That may be the progress of peace in the Mideast but definitely not the direction of Ari Folman's much-honored, forward-thinking "documation" of his dance of death in the Lebanon War zone of the 1980s.
He has directed, produced and penned a screenplay of pent-up power, with his native Israel both as bastion and battleground -- a nation scorched by the sun, scorned by its neighbors and scarred by image problems.
And after waltzing away with "best film" honors in so many festivals -- including snaring best foreign feature at the Golden Globes less than two weeks ago -- is that ultimate golden goal, the Oscars, just a hora away as announcements of nods are made this Thursday morning?
Opening this Friday, certainly the film -- an outstandingly animated examination of the anomie hardening the arteries of those whose battles on behalf of Israel in the Lebanon War are forever fuzzy with half-forgotten forays -- takes on a more strident, stringent note of immediacy given the bombs bursting in air in Israel's black-and-blue-and-white current battle against Hamas.
First shot as a video, then animated, "Waltz With Bashir" stays a step ahead of memory, which, caked in the killer soot and sourness of sand-swept maneuvers, has a way of dissipating much as dunes do when walloped by winds in the desert.
But, after interviews with fellow fighters on the Lebanon front, whose killing fields resonate with the searing images of the Sabra and Shatila massacres, Folman -- whose own memory drew blanks, not bullets, when trying to reconstruct his regimentation during his days in the army -- has unmined explosive existential questions that formed his moribund memories, making for a sort of sabra "Night of the Living Dead."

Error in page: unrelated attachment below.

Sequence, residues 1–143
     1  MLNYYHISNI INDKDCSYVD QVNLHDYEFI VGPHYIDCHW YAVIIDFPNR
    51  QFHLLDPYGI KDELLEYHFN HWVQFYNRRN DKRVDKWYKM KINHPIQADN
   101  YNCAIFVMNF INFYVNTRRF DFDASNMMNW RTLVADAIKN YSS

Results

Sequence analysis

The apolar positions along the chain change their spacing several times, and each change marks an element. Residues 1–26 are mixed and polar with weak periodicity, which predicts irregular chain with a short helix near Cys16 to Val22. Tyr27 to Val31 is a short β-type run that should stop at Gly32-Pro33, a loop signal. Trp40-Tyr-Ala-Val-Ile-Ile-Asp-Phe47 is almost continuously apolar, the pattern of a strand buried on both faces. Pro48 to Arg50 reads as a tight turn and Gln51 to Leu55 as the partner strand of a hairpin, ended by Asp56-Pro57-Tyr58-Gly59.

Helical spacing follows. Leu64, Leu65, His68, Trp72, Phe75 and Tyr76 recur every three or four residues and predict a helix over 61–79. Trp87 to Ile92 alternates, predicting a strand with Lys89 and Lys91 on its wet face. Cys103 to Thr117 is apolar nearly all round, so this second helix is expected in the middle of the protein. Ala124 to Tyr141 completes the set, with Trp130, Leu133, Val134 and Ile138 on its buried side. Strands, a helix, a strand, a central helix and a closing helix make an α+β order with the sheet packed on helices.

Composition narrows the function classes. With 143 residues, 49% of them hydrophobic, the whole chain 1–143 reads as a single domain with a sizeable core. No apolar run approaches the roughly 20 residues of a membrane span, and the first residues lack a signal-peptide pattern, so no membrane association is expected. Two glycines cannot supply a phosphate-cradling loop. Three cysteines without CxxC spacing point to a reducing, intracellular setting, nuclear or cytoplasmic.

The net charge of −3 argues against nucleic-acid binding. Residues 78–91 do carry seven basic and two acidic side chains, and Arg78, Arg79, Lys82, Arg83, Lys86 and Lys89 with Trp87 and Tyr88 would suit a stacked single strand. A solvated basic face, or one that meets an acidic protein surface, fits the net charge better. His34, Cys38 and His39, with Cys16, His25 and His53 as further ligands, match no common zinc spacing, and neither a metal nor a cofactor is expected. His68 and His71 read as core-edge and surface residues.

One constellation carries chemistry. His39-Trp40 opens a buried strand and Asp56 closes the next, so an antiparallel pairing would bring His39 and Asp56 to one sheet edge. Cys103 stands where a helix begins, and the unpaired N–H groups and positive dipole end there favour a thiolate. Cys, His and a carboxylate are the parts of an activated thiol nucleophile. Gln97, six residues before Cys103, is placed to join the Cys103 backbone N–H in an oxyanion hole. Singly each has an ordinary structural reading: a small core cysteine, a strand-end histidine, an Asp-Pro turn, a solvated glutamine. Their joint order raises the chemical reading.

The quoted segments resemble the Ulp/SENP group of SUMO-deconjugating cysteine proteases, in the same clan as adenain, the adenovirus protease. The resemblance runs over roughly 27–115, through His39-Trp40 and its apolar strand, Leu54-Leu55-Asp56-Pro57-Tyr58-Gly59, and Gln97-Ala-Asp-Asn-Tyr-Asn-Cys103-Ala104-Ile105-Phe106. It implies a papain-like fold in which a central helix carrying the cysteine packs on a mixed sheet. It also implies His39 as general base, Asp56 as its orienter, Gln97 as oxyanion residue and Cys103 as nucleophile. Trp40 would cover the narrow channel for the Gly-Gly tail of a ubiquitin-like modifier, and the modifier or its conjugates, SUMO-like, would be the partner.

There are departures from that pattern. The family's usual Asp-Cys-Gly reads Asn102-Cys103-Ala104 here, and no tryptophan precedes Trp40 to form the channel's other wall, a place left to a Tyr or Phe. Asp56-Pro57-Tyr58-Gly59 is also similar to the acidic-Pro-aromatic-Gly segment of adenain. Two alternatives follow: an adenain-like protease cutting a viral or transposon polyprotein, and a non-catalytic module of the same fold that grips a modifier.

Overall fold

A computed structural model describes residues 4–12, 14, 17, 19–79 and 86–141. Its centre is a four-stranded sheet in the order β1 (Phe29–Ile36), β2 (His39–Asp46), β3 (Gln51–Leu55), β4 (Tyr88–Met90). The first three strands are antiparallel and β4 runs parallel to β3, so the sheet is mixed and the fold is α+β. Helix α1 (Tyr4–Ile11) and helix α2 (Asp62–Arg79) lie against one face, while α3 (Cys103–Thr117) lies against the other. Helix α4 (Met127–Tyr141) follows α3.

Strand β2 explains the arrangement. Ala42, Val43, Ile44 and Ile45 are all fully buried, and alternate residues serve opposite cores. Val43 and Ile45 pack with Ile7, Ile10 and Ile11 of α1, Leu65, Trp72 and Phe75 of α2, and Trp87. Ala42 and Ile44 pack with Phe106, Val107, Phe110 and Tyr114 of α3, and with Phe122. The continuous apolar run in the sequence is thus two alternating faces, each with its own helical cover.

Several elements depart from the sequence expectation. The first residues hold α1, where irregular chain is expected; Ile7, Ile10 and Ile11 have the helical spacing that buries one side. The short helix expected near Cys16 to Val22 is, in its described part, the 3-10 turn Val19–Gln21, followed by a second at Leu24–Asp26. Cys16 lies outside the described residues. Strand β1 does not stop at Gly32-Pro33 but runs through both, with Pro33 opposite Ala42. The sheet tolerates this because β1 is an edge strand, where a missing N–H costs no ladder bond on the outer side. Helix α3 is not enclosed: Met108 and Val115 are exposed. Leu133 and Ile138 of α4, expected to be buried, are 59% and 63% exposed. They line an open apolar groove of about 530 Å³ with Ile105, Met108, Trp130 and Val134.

The dogs of war are unleashed in his film -- quite literally -- as the movie begins with a marauding pack of canines seen as spewing canisters of destruction rampaging through streets in search of ...
"Psychological meaning?" The director harumphs. "Don't look for it."
Even though four years of bringing "Waltz" to the dance floor may have served as a tango of untangling his thoughts -- a terpsichorean form of therapy and treatment -- Folman doesn't treat the film as an exorcism of a former existence.
Doesn't believe in it, he says; indeed, his segments as writer for "Be' Tipul" -- the original Israeli series couched in psychotherapy upon which HBO's "In Treatment" is based -- bashed the process.
"Yes, I wrote for them, but remember the character I wrote in the series commits suicide. I am not a fan of psychiatry. And I told the producers if I am to do the series, I had to show that the treatment does not work."
But his screen treatment of a different set of head games certainly does: "Waltz With Bashir," through interviews and stunning graphics, is a near-hallucinogen of hell that haunts the war weary.